Because I am on some “mommy blogger” list, I get pitches all the time from “freelancers” who’d like to write for me. Most often they are from companies looking for free publicity.
Sometimes they’re trying to promote a product overtly, as in, “I would like to write an article on how to choose a crib,” signed something like, “[email protected]” But sometimes they offer a generic parenting topic they hope is interesting enough for a blogger to slap on her site, and then it’s embedded with links to whatever the company is pushing.
That’s what I assume this one is, below. But even if it’s not — even if this writer truly is a freelancer writing articles for zero money (and how does that work?), I am DISGUSTED by his/her/its knee-jerk assumption that of course a mommy blog would LOVE a piece filled with pointless, worst-first warnings about _________ (fill in the blank).
These “service” articles grab whatever is on the mom horizon — food, summer, sunscreen, playgrounds, playdates, fhdeasddif
and now Pokemon Go — and figure out what terrible thing just might occur, even one in a million times. And this is such a common part of the parenting world — the advice about a hidden danger article — that it has become the default way we look at childhood!
We RACE to come up with some new worry someone else may not have thought of yet. We CONGRATULATE ourselves for seeing danger the others may have missed. We feel GOOD when we can point to one instance anywhere of something BAD happening and say, “See? That’s why you should never let your kids…”
So here is museum-quality example of how instant and insidious the fear industry is. Note that the letter isn’t even addressed to anyone in particular, indicating it was sent far and wide. Spread that fear! (Boldface mine.)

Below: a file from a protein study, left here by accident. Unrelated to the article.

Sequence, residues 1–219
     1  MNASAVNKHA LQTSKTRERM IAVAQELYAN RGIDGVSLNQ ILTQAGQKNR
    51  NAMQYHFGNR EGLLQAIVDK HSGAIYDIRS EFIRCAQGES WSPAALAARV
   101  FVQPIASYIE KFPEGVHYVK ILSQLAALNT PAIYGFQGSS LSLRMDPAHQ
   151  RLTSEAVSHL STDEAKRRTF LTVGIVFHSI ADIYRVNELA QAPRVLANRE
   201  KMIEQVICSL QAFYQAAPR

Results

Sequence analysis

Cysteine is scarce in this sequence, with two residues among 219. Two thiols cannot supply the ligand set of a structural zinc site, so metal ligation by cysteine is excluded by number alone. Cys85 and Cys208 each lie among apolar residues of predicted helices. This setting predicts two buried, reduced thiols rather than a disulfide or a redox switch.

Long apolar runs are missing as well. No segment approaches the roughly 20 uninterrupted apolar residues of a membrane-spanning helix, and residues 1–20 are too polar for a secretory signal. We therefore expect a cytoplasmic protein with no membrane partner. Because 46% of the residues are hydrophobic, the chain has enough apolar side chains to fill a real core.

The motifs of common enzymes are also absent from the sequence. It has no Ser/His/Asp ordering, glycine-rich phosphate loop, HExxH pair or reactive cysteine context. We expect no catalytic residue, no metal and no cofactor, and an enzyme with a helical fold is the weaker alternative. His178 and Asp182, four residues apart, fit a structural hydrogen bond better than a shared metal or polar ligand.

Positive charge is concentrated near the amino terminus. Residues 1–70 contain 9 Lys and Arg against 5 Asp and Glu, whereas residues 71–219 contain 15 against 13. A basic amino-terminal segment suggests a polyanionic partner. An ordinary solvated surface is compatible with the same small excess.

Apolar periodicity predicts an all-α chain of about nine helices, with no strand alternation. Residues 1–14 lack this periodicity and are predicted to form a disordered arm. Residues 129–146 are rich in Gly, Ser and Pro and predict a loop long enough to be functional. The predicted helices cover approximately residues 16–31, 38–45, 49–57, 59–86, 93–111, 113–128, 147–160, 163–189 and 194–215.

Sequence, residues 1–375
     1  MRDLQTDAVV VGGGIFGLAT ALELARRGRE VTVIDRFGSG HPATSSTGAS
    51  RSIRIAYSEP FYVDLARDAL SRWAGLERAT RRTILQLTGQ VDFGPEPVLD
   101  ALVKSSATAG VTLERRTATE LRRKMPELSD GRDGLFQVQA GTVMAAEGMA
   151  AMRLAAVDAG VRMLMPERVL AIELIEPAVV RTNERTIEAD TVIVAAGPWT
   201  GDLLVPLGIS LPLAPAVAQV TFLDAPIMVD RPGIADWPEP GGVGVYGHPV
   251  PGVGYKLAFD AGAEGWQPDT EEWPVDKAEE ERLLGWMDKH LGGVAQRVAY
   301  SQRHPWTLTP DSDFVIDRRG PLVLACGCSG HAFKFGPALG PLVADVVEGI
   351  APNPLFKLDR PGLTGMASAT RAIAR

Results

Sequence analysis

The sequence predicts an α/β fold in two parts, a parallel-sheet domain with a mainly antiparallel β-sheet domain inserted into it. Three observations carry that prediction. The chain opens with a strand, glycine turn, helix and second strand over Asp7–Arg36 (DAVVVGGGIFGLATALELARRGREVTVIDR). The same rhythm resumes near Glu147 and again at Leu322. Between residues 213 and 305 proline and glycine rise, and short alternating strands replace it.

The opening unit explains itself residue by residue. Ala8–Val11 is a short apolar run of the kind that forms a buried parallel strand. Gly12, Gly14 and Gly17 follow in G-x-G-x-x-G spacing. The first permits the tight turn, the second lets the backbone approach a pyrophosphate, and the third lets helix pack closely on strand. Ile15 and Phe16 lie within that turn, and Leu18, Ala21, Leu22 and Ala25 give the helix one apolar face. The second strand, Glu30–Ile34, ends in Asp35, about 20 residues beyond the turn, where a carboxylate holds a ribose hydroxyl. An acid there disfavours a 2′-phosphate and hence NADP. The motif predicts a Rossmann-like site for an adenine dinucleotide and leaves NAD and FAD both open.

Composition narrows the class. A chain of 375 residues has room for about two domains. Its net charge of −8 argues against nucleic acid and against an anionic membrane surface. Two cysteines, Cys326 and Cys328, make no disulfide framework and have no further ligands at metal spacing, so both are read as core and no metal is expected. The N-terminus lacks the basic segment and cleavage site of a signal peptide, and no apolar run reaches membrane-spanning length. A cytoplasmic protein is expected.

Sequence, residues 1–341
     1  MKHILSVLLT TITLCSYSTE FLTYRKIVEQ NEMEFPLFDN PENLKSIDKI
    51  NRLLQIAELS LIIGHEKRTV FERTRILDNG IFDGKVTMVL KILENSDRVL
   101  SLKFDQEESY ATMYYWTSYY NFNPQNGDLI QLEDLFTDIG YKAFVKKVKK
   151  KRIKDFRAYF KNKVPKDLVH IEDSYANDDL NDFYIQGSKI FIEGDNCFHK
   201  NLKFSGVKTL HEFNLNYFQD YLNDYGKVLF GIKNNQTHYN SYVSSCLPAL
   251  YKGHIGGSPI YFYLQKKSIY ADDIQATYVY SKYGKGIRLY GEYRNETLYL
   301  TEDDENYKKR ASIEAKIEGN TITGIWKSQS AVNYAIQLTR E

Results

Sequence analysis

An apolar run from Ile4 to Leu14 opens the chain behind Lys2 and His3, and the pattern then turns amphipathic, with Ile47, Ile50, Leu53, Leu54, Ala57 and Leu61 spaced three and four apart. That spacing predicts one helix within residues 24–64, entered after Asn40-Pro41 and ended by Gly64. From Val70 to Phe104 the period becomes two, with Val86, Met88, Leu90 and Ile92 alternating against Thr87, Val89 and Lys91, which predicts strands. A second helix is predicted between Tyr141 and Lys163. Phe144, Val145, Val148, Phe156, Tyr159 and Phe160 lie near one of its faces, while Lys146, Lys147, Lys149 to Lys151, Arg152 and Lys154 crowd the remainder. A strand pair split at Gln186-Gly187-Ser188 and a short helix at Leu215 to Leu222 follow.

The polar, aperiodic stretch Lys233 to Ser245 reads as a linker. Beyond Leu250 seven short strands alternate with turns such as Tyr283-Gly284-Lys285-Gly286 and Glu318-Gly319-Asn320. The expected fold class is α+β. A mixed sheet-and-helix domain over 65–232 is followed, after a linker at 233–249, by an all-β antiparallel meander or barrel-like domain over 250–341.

My name is Amy and I am a freelance journalist working on a story about Parenting in the Digital Age. I imagine yo have heard about the latests Pokémon Go craze (or maybe have a few strangers playing it near your house). I have been following this game and I am personally worried of all of the risks children and teenagers are being exposed to by using this app.
From planned robberies and driving accidents all the way to being lured by sexual predators, the game goes from innocent fun to harsh reality. I would love to write an article for www.freerangekids.com discussing this new phenomenon. It could be titled “Should You Let Your Kids Play Pokémon GO?” or “How To Teach Your Kids To Safely Play Pokémon GO”. Since your blog covers relevant topics, I’m hoping you’ll consider sharing a post, as this is a topic (like many others such as cyberbullying, online predators, over-sharing, sexting, etc.) that needs to be brought into the limelight….
Best wishes, Amy
Best wishes for what? Kids at home all summer under the bed? Parents distrusting their neighbors? A society obsessed by stranger-danger? No thanks.
Kids, go out and play! – L